California Emerging Technology Fund
Radio Bilingue, Inc.
Satellite Affordable Housing Associates
Tech Exchange
Tenderloin Neighborhood Development Corporation

CPUC scoping memo and proposals
Scoping memo and ruling of assigned commissioner, Martha Guzman Aceves, CASF program changes, 14 February 2018
Appendix A, AB 1665 changes to CASF program
Appendix B, CPUC staff proposals for broadband adoption, public housing and loan programs
Appendix C, CPUC staff proposed changes for broadband infrastructure grant, line extension and regional broadband consortia programs

California senate considers expanded net neutrality rights and enforcement tools


A second, more detailed network neutrality revival bill is on the table at the California capitol. Senator Scott Wiener (D – San Francisco) introduced senate bill 822 earlier this year, but it was little more than a statement of intent to jump into the Internet regulation void left by the Federal Communications Commission when it repealed network neutrality rules and stripped broadband of its common carrier status. He amended it on Tuesday, adding in a long list of outlawed practices and ways to enforce the ban.

Like senate bill 460, which was approved by the senate and sent on to the assembly in January, Weiner’s bill bakes net neutrality into California’s consumer protection laws and requires state and local governments to buy broadband service from companies that follow those rules.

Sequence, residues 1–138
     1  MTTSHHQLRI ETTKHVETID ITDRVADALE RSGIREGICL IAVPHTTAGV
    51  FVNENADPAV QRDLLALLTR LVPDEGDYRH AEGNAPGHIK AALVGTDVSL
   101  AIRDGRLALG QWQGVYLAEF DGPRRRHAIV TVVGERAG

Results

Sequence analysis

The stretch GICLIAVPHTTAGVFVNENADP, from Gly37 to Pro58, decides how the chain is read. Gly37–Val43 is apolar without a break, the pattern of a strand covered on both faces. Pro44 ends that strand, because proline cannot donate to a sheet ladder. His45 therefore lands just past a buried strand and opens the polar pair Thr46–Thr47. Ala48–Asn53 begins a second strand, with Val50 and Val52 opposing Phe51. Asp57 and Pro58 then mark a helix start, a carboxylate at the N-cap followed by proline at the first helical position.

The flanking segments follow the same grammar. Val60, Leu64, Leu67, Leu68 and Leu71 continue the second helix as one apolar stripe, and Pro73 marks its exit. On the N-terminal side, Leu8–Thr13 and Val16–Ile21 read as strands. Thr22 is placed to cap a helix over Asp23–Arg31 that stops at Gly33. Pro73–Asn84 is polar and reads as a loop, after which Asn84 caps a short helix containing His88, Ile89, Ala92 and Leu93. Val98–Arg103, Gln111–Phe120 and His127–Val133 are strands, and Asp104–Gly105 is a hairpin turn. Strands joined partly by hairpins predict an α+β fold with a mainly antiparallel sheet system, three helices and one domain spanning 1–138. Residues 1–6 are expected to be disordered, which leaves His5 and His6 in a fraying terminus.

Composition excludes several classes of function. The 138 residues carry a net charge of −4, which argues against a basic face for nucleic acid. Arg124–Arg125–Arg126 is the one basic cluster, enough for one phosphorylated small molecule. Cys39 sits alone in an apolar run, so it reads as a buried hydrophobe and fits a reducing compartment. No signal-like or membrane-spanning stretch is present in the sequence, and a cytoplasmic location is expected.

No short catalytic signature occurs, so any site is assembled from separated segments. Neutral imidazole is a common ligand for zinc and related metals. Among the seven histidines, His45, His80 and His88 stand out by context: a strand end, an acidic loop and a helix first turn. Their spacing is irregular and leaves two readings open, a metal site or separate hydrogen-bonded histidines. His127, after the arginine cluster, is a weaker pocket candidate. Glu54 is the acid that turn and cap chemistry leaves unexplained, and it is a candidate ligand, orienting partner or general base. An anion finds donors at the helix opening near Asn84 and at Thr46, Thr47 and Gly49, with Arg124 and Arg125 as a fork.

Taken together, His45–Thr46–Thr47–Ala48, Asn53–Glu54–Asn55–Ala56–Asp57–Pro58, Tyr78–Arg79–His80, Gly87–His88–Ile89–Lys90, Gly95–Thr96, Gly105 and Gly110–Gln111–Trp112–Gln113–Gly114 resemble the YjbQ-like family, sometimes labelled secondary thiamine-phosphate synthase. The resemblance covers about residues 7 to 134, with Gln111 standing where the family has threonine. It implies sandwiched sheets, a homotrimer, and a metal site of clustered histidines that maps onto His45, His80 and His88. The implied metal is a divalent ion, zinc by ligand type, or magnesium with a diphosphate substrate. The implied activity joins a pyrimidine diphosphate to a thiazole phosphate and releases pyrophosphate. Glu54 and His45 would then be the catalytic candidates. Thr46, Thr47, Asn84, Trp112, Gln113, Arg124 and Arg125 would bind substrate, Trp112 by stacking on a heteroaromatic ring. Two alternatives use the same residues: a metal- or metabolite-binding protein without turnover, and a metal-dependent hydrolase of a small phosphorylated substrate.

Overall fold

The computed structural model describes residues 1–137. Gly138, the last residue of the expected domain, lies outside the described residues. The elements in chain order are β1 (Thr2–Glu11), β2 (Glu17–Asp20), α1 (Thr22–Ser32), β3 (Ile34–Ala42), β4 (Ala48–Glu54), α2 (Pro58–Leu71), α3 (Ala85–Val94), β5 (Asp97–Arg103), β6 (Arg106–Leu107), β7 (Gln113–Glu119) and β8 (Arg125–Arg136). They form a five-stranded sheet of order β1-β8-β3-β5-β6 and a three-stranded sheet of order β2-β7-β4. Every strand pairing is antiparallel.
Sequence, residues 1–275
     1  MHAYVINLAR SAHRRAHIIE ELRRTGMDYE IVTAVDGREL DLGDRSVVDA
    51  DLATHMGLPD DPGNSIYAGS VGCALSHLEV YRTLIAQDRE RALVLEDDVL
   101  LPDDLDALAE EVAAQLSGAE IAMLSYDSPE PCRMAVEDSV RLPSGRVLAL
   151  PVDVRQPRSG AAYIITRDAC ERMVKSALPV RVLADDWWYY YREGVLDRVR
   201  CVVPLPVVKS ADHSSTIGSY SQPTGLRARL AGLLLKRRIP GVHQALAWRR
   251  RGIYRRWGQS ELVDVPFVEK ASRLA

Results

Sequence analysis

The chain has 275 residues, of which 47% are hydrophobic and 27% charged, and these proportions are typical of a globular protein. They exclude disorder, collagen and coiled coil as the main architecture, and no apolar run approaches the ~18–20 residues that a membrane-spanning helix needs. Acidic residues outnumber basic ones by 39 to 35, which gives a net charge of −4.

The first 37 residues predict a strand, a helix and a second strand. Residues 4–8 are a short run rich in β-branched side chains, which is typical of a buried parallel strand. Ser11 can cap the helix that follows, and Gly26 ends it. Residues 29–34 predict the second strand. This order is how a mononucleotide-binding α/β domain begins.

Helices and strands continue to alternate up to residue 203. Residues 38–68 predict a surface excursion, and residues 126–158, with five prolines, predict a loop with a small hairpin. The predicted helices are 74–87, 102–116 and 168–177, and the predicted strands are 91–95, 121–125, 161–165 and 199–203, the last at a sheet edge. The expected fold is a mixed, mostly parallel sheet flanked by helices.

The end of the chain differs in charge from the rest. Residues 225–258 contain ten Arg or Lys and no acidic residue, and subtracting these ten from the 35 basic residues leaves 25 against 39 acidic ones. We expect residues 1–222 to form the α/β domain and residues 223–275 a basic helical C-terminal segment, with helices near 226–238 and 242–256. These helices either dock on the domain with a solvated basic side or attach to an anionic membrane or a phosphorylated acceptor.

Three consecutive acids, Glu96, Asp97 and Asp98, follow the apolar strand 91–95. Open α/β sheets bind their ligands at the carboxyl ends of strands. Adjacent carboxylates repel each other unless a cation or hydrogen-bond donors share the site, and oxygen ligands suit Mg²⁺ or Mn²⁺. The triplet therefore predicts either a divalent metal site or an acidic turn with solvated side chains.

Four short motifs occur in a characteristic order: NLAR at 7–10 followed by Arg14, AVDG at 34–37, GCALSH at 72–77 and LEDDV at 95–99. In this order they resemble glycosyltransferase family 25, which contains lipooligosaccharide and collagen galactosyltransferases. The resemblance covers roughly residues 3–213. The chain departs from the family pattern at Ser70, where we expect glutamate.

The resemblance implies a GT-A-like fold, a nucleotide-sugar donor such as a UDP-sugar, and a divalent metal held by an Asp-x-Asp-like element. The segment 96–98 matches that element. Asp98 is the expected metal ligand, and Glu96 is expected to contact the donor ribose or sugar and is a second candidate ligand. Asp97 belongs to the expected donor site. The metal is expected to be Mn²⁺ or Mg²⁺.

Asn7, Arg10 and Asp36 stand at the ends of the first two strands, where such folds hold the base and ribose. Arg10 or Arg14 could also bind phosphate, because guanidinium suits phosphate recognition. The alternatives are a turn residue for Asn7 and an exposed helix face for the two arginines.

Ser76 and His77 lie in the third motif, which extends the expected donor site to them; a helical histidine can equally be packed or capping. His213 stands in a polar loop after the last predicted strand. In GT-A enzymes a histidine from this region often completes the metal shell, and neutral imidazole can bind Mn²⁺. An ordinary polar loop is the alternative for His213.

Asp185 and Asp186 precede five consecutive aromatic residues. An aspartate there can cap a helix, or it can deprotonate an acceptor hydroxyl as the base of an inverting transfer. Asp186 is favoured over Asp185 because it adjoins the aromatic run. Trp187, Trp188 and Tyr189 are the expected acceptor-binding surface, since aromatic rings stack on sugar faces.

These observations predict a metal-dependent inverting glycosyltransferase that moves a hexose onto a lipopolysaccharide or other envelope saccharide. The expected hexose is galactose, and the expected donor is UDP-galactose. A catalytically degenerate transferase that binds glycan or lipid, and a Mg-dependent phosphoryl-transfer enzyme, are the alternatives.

His definition of net neutrality is more expansive, though, adding zero rating to the list. That’s the practice of giving particular Internet traffic – an Internet service provider’s own video streams, for example – a competitive advantage by not counting it toward a customer’s data caps. ISPs wouldn’t be allowed to put up a toll gate and charge content companies for the privilege of reaching subscribers, or to charge customers different prices for the bandwidth used by different applications, or squeeze other services – think, cable channels – onto a consumer broadband connection. The FCC’s three bright line rules would also be revived: no blocking, throttling or paid prioritisation.

Proposed enforcement mechanisms include:

  • Lawsuits by consumers or the California attorney general.
  • Requiring state and local governments to buy broadband service from ISPs that follow the rules, unless there’s only one service provider available in a given area.
  • Allowing government agencies to claw back past payments if their ISP changes its mind.
  • Limiting state broadband subsidies – for infrastructure or universal service – to companies that follow net neutrality rules.
  • Specifically requiring cable and other video service companies that have a statewide franchise to comply with net neutrality requirements.
  • Taking net neutrality benefits into account when planning the state’s smart energy grid.
  • Give the some of the job of sorting out what’s allowed or not to the California Public Utilities Commission.